Eddie Jones stressed the importance of England getting their tactics spot on against a "ferocious" Tonga outfit in their Rugby World Cup opener on Sunday.

After a group-stage exit at the last World Cup, England go into their tournament bow in Sapporo expected to be among the top challengers to holders New Zealand this time around.

The 2003 champions won three of their four warm-up matches after coming second in the Six Nations and will contest a competitive Pool C that contains Argentina, France and United States as well as their initial opponents.

"The focus this week has been about getting right for Tonga," head coach Jones said ahead of the match.

"We have had a good seven days in Japan where we have acclimatised really well. Now it is about putting in a game plan against Tonga and it is important to be tactically right. We know they are going to be ferocious and full of pride and passion. 

"They are a side if they get a bit of momentum they can be very dangerous and are well-coached by Toutai Kefu. We will need to be at our best.

"There is a good feeling about the place - I don't think there is anyone who isn't excited about getting out there."

George Ford will start at fly-half for England, with Owen Farrell captain at inside centre. Joe Marler is at loose-head prop with Mako Vunipola out.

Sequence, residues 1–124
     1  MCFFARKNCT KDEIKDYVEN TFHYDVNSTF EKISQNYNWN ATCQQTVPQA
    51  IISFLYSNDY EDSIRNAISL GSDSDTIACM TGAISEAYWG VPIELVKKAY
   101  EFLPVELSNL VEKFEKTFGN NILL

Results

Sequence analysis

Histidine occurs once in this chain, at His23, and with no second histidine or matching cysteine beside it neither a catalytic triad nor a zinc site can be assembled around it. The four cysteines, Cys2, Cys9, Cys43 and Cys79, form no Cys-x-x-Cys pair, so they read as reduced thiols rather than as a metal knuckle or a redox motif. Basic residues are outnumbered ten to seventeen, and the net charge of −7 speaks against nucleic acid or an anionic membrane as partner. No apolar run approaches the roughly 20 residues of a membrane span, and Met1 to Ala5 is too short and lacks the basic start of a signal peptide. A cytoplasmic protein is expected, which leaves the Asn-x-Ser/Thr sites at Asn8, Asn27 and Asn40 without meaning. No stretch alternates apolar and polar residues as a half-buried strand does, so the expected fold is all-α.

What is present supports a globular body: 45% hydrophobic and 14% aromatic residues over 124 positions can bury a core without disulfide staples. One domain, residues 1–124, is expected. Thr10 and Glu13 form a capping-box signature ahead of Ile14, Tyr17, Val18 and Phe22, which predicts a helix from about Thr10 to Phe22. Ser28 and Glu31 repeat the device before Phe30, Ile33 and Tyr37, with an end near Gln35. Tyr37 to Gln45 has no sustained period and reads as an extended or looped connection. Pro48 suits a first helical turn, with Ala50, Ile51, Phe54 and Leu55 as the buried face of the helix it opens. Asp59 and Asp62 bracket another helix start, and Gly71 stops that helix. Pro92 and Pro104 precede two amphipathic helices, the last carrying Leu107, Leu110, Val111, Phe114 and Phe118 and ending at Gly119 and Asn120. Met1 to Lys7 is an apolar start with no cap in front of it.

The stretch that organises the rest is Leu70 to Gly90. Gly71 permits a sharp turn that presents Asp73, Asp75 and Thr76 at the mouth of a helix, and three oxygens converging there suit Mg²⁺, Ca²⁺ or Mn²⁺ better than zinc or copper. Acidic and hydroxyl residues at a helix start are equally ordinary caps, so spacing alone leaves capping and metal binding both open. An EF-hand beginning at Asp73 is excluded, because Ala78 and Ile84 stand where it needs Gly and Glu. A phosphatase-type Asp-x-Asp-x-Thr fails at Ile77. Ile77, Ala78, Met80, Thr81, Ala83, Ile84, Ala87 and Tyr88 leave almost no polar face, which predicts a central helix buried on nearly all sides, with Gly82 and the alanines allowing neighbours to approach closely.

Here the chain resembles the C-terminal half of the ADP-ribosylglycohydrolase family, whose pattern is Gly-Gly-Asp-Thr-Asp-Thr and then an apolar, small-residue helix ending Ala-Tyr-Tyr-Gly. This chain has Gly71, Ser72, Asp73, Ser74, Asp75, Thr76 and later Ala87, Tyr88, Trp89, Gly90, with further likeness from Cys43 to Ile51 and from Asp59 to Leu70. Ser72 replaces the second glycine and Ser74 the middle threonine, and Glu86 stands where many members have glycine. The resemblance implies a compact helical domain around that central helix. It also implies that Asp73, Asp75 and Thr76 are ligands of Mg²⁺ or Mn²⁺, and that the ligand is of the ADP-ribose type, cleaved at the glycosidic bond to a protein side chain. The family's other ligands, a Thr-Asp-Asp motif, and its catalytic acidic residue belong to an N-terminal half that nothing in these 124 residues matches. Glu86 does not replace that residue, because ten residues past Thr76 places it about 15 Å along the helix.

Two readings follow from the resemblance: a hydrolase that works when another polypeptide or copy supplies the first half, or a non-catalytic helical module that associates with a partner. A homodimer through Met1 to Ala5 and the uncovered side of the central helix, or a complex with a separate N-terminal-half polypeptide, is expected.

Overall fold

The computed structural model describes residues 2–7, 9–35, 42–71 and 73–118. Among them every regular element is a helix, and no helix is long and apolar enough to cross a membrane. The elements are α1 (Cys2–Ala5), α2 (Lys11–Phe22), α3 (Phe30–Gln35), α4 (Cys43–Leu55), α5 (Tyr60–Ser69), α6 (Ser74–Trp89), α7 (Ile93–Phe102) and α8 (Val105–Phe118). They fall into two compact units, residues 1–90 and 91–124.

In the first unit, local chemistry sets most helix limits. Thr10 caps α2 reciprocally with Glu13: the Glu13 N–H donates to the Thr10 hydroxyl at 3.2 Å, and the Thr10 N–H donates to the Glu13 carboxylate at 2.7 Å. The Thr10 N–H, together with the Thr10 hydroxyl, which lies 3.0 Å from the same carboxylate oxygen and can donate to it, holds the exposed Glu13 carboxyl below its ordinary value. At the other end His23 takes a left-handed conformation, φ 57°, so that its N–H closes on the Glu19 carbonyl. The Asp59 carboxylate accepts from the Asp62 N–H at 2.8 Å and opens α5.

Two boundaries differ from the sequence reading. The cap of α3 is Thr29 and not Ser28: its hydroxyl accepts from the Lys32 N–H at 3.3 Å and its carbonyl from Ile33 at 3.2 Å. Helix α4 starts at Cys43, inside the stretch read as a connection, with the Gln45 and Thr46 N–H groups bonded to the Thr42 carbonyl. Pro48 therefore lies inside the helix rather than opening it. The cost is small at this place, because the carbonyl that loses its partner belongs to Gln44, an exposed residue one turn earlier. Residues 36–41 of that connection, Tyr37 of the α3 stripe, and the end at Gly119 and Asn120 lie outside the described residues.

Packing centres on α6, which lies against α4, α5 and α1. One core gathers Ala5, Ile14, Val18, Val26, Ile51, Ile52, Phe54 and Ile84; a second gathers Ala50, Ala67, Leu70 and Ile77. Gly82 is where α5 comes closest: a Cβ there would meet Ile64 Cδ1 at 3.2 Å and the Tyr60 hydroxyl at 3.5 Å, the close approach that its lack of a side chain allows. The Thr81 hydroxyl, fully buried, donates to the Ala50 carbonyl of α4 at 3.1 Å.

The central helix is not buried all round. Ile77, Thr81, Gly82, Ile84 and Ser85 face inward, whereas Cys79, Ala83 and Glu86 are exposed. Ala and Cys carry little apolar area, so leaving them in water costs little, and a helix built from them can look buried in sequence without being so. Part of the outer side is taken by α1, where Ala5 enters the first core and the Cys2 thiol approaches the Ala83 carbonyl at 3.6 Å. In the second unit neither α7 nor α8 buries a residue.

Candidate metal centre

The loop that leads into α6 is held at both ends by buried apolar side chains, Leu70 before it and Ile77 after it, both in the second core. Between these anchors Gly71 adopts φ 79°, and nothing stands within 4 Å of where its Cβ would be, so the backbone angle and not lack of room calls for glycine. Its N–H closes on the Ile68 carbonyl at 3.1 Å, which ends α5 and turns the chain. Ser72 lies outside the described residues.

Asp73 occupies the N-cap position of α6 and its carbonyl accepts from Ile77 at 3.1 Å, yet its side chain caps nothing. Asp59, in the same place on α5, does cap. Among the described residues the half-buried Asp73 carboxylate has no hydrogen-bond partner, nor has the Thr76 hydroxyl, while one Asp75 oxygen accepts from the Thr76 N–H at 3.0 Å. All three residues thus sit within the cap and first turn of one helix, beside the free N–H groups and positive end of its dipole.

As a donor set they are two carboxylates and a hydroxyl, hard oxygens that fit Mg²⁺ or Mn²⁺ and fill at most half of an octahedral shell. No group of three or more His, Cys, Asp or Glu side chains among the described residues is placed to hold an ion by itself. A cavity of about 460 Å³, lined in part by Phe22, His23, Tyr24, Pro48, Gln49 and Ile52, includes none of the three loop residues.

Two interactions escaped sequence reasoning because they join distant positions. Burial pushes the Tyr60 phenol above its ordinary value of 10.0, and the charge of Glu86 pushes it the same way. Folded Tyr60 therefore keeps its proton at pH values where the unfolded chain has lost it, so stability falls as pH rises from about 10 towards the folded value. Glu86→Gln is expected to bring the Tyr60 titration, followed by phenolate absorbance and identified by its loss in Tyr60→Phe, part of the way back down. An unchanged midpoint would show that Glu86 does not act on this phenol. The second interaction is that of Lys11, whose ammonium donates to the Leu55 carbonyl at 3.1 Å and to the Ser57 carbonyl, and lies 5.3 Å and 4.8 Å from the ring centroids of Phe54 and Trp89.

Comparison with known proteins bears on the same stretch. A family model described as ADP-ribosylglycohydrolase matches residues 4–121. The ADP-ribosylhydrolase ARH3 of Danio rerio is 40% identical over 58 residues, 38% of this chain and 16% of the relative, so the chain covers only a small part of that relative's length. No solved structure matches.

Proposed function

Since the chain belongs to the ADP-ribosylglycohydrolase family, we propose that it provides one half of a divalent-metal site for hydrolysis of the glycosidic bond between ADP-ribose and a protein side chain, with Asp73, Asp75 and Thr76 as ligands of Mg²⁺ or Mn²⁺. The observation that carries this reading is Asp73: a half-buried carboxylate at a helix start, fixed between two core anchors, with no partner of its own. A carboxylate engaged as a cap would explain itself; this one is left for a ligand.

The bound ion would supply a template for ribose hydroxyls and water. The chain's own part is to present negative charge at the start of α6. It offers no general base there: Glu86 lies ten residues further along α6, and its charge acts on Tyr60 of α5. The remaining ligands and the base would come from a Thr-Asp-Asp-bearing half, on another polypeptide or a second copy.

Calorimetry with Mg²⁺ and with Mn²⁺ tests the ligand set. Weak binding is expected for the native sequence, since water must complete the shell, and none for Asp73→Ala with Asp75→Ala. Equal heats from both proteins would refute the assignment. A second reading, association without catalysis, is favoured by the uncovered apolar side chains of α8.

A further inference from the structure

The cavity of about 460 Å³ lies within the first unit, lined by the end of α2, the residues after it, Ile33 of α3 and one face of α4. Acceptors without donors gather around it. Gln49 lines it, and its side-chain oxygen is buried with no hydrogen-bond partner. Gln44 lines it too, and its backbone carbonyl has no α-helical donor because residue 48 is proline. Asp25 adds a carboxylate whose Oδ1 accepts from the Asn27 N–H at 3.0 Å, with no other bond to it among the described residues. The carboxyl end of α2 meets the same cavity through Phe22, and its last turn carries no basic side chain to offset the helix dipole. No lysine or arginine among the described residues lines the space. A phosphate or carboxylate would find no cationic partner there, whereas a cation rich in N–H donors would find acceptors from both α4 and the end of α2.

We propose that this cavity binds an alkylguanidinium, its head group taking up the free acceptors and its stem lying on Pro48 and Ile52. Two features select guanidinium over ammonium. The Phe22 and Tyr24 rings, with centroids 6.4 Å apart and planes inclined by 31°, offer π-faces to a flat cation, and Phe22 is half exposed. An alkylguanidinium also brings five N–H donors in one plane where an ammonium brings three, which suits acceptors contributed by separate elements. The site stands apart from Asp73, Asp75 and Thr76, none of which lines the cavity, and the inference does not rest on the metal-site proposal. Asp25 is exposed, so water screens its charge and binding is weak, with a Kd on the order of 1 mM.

Billy Vunipola, though, will line up against Tonga 20 years after his father and uncle represented the Pacific islanders against England in a World Cup contest.

This will be the third meeting between the teams, with the previous two – both at World Cups – having been won by England in convincing fashion with a combined score of 137-30.

England are looking for a seventh straight win in a Rugby World Cup opener and have not lost one since a defeat to New Zealand back in 1991.

The omens do not look great for Tonga, who have won only three of their last 10 World Cup encounters and come into the event with just one win from their last seven Test outings.

Distinguished former Australia international Kefu leads a squad that retains only four of the 23 players who lined up in their last World Cup match against New Zealand in 2015.

One of that quartet is Kurt Morath, the country's all-time leading points scorer with 340 and one of seven English-based players in the team. 

Key front-rower and the heaviest player in World Cup history, Ben Tameifuna, returns to the XV after being rested from a chastening 92-7 loss to the All Blacks two weeks ago.
 

PLAYERS TO WATCH